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Dive Photo Guide


Triton Bay Backlit Soft Coral
 February 10, 2010 @ 02:14 PM (EST)

By Jason Heller

The Idea

So many images look alike these days. Separating yourself from all of the other talented underwater photographers can be challenging, but doing so should be a driving force for all of us. One of the best pieces of advice ever given to me is from one of my mentors and role models, David Doubilet. He advised me to create images that nobody has seen before, or to create images of subjects that people see all the time, but in a unique way. Those words go through my head on every dive.
backlit soft coral silhouette diver triton bay underwater photograph
Location: Triton Bay, Indonesia. Equipment: Nikon D3x with a SEA&SEA MDX housing, 2x SEA&SEA YS-250 Strobes, 1x YS-120 Strobe, 1x YS-110 Strobe off camera. Settings: ISO 200, 1/250, f/14
This last year I have spent a lot of time shooting photography outside of the water, where I have wireless control over my lighting and can place lights anywhere I need them to be. We are a little more limited underwater…for the most part, but not totally. I have been committed to experimenting with my lighting - backlighting, side-lighting and multi-source lighting are all techniques I have tried.

So while in Triton Bay, one of the most prolific areas I have dived to date, I spent a few days lugging an extra strobe with an optical slave to try and find the perfect soft coral to backlight. My goal was to balance the light to the point where the coral looked like it was glowing from the inside, but not so overpowered that it looked too unrealistic.

Additionally, I wanted the glowing coral to be part of a multi-element image, not the sole subject. My concept required a nice sunny day where I could include a sun ball to balance the image, and I envisioned a diver silhouette for the human element.

The Shot

I experimented for three days until I started to understand the size and density of the coral required to glow properly. I just needed to find the perfect stalk of coral. In the end I created a series of glowing soft coral images, each with its own vibe. However, finding the perfect stalk of coral situated in a way that I could incorporate the sun, and also still had my dive guide’s willingness to model for me, proved difficult.

On the last day of my trip I found it, and the morning ambient light was magical. When I first shot the coral, my model was nowhere to be found. So I shot some “safety shots”, just in case I couldn’t find my model, or find the coral again, or if the perfect lighting conditions changed.
backlit soft coral triton bay

I swam like a mad man to find my model, returned to the location and created the image. The ambient light and sun angle had changed slightly, but it was still magical.
I shot the image with three strobes attached to my rig, and one slaved strobe behind the coral for the backlight. My middle strobe is always at a lower power level with a homemade dome diffuser and acts as a fill light. My two primary strobes are SEA&SEA YS-250’s and they were set to about ¼ to ½ power and used to create lighting and texture around the branches of the coral.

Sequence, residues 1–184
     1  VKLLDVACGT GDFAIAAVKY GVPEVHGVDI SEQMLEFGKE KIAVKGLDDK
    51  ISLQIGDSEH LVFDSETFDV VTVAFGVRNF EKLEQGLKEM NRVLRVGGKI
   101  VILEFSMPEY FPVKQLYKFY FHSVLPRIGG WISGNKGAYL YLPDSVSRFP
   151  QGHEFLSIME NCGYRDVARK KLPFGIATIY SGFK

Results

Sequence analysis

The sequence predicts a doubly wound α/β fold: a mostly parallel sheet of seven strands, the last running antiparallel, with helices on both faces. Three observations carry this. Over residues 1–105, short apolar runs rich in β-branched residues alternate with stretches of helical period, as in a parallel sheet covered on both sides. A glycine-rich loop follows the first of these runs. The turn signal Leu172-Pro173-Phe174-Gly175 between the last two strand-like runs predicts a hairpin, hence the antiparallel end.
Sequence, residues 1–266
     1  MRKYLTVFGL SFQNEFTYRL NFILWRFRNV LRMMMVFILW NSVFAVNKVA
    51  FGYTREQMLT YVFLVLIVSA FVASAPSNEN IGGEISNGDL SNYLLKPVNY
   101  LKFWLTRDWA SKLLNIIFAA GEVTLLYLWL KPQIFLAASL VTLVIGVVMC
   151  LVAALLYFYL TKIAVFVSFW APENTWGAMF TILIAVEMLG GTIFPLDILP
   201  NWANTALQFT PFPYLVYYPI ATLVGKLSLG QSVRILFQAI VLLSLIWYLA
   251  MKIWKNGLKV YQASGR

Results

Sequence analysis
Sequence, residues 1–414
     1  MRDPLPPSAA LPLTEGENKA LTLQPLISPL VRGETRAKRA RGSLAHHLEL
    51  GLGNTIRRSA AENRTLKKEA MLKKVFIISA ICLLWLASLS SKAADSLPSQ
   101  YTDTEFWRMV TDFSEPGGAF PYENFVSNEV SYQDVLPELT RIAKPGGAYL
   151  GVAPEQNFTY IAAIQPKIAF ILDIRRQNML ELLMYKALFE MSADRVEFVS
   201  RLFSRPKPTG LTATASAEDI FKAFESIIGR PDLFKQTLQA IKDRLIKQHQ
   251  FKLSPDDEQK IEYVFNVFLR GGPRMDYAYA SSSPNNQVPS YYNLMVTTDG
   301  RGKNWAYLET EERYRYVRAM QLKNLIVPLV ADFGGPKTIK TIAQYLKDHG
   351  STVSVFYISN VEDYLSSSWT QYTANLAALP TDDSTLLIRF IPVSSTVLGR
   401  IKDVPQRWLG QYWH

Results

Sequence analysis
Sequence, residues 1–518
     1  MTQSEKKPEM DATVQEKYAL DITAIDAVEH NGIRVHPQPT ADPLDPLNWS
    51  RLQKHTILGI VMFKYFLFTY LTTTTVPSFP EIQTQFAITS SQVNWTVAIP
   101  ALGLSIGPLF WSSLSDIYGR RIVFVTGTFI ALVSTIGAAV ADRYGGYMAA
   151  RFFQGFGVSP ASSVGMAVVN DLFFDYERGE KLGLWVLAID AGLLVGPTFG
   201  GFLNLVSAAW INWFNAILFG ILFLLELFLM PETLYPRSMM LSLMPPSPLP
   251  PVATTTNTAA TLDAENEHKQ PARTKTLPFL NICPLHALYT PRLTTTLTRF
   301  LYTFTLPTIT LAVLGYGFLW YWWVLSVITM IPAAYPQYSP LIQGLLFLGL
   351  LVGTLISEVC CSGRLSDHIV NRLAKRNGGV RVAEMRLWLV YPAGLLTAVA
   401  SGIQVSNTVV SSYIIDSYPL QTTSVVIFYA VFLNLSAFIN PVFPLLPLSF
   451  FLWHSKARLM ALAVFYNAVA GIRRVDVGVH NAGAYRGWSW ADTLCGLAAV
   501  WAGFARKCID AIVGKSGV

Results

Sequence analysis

The water was shallow, so there was a lot of sunlight. To create foreground/background contrast and to capture the sun beams and maintain good water color, I shot at a fast shutter of 1/250. The corresponding aperture to achieve a rich and detailed foreground exposure, and to keep the middle ground fairly dark, creating contrast between the glowing coral and the background, was f/14.





Arthur Koch
Feb 11, 2010 4:49 PM
Arthur Koch wrote:
Hi Jason,

The strobe off camera. This was acting as a modeling light, correct? Or in slave strobe mode?

Can I/we get a picture of the homemade dome diffuser?


Art Koch
www.theazulocean.com and http://theazulocean.wordpress.com

P.S. Awesome shot!
Jason Heller
Feb 11, 2010 11:55 PM
Jason Heller wrote:
Hey Arthur, will get a picture of the homemade diffuser. It's actually not as much homemade as just not from an underwater strobe. It's a small dome diffuser duct taped to the strobe (for elegance). The YS-110 behind the soft coral has an optical slave at the end of a sync cord to trigger from the main strobes..

PS: Thanks! :)
Morten Bjorn Larsen
Feb 12, 2010 3:25 AM
Morten Bjorn Larsen wrote:
Snells window, framing,sun rays, a diver in silhouette, close focus wide angle, balanced front and back lighting. And it's still not too much. Brilliant shot!
Eddie McMullen
May 5, 2010 2:09 PM
Eddie McMullen wrote:
I had the chance to meet with you briefly, at the Meadowlands' Beneath the Sea convention. At the time, I didn't realize how talented you are. I have been following you more closely (no, not stalking) to observe your work.
I love this picture. Simply great.
Maybe one day we will meet again.

Jason Heller
May 6, 2010 3:26 PM
Jason Heller wrote:
Thanks Eddie - much appreciated
Dianne Strong
Aug 6, 2012 2:17 AM
Dianne Strong wrote:
Hey, Eddie McMullen:
I am new to this site so don't know how to write you. Were you aboard the Truk Odyssey with James Cameron in September 2000?
JASON: Amazing shot! One of the reasons I love Truk Lagoon's wrecks so much is the brilliant soft corals--better than I have seen in Fiji. Thanks!
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